I agree. Too much social engineering in one part and not enough in others. It wouldn't surprise me if the working class were actually worse off. Anyone know?
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    (Original post by NDGAARONDI)
    Why?
    Because the current process of him "deciding" (i know its slightly more complex than this) who is to be appointed and the whole "secret sessions" that get you on the list seem undemocratic. I understand that Judges cannot be elected if they are to retain their independence but the system is in dire need of modernisation

    (Original post by NDGAARONDI)
    A Ministry of Justice?
    The plans have been defeated by the archaic Lords (for now).

    http://www.dehavilland.co.uk/webhost...=10&searchid=8

    (Original post by NDGAARONDI)
    It's older than at by about twice-fold.
    It may date back as far as Angmendus in 605, making it 1,400 years old . But you are right, it is generally accepted to be 1000 years old. However, i was referring to the Chancellors role in appointing Q.C.s, which is actually 400 years old ( basically, i made Freudian slip ).
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    (Original post by Dajo123)
    However, we have spoken enough about the "ethnic minorities argument" and I feel that it is too narrow and detracts from other groups who are underrepresented in this area e.g. the disabled, people from deprived backgrounds, the working class, immigrants (who are not always ethnic) and to an extent women. It does not take long to train a Solicitor and I feel it is a shame that prejudice still exists within med – large law firms, especially within London, while other areas appear to be (ever so slowly) changing.
    First, I have to say that my experience of trainees and recruitment literature offered by firms is rather different from yours. I see a lot of women. Granted, not as many as there are men, but then there are other reasons as to why there are less women in the city: more women themselves may be averse to the idea of a career in top law firm; they may choose to have families and not return or work in a less intensive environrent with their children in mind. What I am trying to say is that the attitudes of women themselves in society haven't yet (and may not) harmonise with society's views of equality. That is not to say there isn't, or shouldn't be, the opportunity for those women who choose such a career route. I have spoken to a number of trainees, associates, partners and barristers who have said that the obstacles have been dismantled and the landscape of today's profession is very much equal for anyone. We all hear of the odd case in the newspapers concerning discrimination against women, but I can 't help but feel that these are the exceptions rather than the rule, which is why we hear of them.

    A more interesting point I feel you have made concerned the working class in the profession. Just to clarify, I'm from an upper-working class background and comprehensively educated: not exactly poor, but then again certainly not well off. I thought I'd mention this to dispel any possible perception of a partisan opinion. Anyway, back to my point. Where does one draw the line between recruitment based on merit and recruitment based on discriminating principles against the working class? To elucidate, it is a fact of life that people from better backgrounds, who can often afford a private education, succeed more in their education than those from working class backgrounds. The disparity does not just apply to education, but also to accents. Do you think it's discrimination to prefer the well-spoken applicant to the roughly-spoken Brummy applicant, with all other things being equal? Should all law firms have a representative number 'chavs' clad in burberry?This could apply to an long list of characteristics, whereby there is a difference between those from different backgrounds. My personal opinion is that where it is possible (and I use this word in a wide sense) for an individual to change a characteristic, then I do not see that the law firm should be accused of discriminating against him (or her!). That is to say I do not think it is right for a firm to be accused of discriminating against someone who has a rough accent for example, as it is possible for that person to change their accent. I come from an area where most people around me speak poorly (by an objective standard of 'properly' spoken English). I have felt that it has been rightly necessary for me to change the way I speak and dress and meet law firms on their level where it has been possible for me to do so. In return I don't expect to discriminate against those things that are impossible for me to change, and I have to say that I am confident they do not.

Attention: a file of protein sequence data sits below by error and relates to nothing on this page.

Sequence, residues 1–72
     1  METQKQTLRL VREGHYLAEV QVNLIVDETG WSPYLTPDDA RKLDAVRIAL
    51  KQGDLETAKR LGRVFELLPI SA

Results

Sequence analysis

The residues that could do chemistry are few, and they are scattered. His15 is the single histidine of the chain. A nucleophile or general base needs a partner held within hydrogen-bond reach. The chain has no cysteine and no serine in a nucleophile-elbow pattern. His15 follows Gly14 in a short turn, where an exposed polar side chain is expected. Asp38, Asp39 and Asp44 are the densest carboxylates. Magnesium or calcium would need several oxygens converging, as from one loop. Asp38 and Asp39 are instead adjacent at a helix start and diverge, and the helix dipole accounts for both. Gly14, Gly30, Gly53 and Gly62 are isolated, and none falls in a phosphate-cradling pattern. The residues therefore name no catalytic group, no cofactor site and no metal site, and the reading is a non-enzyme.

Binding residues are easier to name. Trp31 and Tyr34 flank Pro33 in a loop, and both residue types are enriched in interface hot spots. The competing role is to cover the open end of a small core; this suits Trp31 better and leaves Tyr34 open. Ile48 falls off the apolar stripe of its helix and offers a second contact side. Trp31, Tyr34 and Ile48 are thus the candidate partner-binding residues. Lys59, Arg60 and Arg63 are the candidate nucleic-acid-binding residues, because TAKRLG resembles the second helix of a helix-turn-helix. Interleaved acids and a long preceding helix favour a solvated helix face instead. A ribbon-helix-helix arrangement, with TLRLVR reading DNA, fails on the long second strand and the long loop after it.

Granted, law firms undoubtedly do recruit more people from middle class backgrounds than from anywhere else. Surely, it is not the fault of the legal profession, who will rightly recruit the better educated/spoken/presented individual who is more likely to come from a better background. If this is the case then surely you should be attacking the social and education policies of the government for allowing such a disparity in standards. This is where I feel the problem lies, and is where I direct my criticisms. It is therefore something that is not unique to the legal profession, but to all professions which demand meritorious standards. And it is then certainly not the fault of such professions, but the failings of wider sociological policies of past and present.

    I conclude by saying that this reasoning can be applied to many minorities, and not just the working class. I know that I haven't covered every example of a minority that you have drawn attention to, and the truth is that I don't have extensive knowledge about every minority. What I'm partly trying to do is draw attention to the fact that there are many, many wider issues relating to the whole of society as to why certain aren't reaching the same levels of success, and I don't think it is fair to attach blame to professions, in the form of discrimination.
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    Ahem. About your point about people generally not being recruited from outside the top 15 universities. Maybe that is because they don't provide as good an education? The top 15 are all research-led institutions and therefore a student there is at the forefront of the developments in legal thinking. That counts for a lot in a legal education, as the student will be more encouraged to be critical and creative. This is something that plugs into my argument about law firms recruiting on merit.